I remember my ninth month of pregnancy. I felt uncomfortable, round, and ready. I can't say that I felt particularly frightened by labor. Instead, I felt curious. What would labor feel like? What kind of pain was it? Would I scream or breath methodically or retreat "inward"? Would I rock on the birthing ball or walk around the hospital or watch DVD's (as some of the birthing books advised)?
In early September of 2006, I learned the answers to those questions when I awoke at 11:00 p.m. in the heat of labor. And I certainly wasn't watching reruns of my favorite TV show.
Labor was the most intense and overwhelming pain that I have ever experienced. The contraction "waves" took my breath away; toward the end, I screamed. But, looking back, I am acutely aware that it was also a beautiful process, a magical rite of passage in my life that I will never forget.
Although the contractions were hard to manage and the pushing was excruciating, I was able to make it through. I was surprised to find that my body knew exactly what it was doing. I just had to "give in," to watch with wonder as a little life forcefully entered the world - and was dropped into my arms. I still remember her soft skin, her sweet expression, her perfect shape with pinpoint precision.
I had a "birth bag" with gads of labor aids, but I didn't use any of them. Objects proved to be worthless in the process, but there were several techniqes that helped alleviate my discomfort.
Here are the top 6 "techniques" that I utilized to manage the pain:
1. Reassurance - I continuously asked, "Will it get anymore painful?" My nurse would say, "It's going to get much more painful, but you can do it." I would say, "I don't think I can do this." My husband would say, "you can do it. I'm right here." This might sound trite, but those comforting words pulled me through.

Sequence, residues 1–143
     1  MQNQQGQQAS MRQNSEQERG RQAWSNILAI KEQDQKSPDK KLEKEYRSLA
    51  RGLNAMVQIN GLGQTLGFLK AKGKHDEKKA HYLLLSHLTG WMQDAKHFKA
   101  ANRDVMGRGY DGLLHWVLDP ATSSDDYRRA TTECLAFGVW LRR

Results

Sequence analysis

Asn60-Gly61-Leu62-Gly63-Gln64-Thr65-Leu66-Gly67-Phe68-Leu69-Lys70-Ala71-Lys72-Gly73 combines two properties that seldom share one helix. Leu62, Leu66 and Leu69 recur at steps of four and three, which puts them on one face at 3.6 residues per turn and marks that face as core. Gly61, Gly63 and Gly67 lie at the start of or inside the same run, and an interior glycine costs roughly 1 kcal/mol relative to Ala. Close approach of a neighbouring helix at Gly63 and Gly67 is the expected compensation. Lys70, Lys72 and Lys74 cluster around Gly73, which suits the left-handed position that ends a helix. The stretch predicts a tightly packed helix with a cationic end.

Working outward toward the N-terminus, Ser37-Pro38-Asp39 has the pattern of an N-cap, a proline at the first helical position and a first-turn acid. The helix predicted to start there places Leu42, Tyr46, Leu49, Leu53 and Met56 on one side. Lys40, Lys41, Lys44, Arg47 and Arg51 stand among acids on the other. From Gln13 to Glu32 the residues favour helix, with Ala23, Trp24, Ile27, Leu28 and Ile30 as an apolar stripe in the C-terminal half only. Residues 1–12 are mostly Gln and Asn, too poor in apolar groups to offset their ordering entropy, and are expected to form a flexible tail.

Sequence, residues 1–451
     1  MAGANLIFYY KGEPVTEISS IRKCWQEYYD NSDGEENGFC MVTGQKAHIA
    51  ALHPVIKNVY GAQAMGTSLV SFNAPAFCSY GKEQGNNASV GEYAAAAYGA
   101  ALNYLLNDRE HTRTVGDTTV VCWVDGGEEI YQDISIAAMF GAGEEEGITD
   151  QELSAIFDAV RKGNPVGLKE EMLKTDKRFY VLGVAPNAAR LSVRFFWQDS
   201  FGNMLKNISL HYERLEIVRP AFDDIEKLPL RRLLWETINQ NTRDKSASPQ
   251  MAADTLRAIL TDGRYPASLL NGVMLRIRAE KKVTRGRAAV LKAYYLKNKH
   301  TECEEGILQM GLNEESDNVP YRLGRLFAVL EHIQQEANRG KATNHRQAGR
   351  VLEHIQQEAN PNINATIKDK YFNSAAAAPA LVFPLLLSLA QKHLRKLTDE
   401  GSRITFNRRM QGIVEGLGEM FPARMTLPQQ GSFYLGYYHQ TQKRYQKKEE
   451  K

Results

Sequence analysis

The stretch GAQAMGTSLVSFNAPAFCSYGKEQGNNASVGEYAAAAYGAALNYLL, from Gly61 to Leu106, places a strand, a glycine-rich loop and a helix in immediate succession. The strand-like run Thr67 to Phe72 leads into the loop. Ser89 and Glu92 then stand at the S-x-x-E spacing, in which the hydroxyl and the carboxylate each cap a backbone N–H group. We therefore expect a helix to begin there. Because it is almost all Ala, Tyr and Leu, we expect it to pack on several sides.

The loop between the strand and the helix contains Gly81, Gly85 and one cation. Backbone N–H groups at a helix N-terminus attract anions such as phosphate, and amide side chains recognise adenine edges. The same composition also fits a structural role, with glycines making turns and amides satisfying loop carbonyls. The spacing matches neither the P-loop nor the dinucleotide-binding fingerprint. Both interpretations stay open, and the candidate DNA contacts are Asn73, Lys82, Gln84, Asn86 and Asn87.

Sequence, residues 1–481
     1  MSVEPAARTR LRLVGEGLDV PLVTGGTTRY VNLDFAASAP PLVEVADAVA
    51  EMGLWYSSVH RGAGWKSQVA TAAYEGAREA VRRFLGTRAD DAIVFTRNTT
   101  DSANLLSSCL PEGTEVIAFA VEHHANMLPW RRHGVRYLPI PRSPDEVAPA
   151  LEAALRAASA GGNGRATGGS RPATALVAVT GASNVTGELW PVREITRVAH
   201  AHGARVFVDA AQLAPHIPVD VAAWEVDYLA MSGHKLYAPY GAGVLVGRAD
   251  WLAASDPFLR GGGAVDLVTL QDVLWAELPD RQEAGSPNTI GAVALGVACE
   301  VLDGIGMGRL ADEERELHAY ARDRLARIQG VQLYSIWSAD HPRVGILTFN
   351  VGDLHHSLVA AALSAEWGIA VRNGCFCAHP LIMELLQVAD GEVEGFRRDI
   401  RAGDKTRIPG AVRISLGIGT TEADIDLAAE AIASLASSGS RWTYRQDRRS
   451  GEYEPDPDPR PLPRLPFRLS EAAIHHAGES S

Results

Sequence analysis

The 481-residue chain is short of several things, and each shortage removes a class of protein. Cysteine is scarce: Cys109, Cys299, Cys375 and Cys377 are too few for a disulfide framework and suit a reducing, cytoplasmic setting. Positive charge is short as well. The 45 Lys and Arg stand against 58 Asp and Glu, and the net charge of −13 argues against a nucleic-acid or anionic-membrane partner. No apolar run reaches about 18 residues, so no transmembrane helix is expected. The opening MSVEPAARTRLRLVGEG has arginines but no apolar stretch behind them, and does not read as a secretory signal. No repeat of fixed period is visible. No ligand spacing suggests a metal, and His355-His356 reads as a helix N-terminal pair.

2. Heating Pad - If there was one tangible "tool" that actually helped, it was the makeshift heating pad that my husband crafted out of towels placed in the microwave. He'd place counter pressure with the pad into the small of back during contractions and this helped immensely.
3. Changing Positions - Movement was my friend in labor. It helped to walk, to squat, to lean, to do anything other than lay down or sit perfectly still.
4. Stool - There was a low stool in my room and I spent a large portion of "middle labor" sitting on the stool. It was much lower than a chair and I think the almost-squatting position was ideal. Naturally.
5. Shower - I enjoyed the heat of the water - the pressure of the drops. Something about the shower soothed me. I wish there would have been a tub in my room. I would have liked to try that.
6. Breathing - I forced myself to breath in and breath out and then relax. The "routine" of that sequence was reassuring. Until transition - and then breathing didn't help anymore. Although maybe screaming did! :)
What techniques did you use during labor? What worked and what didn't?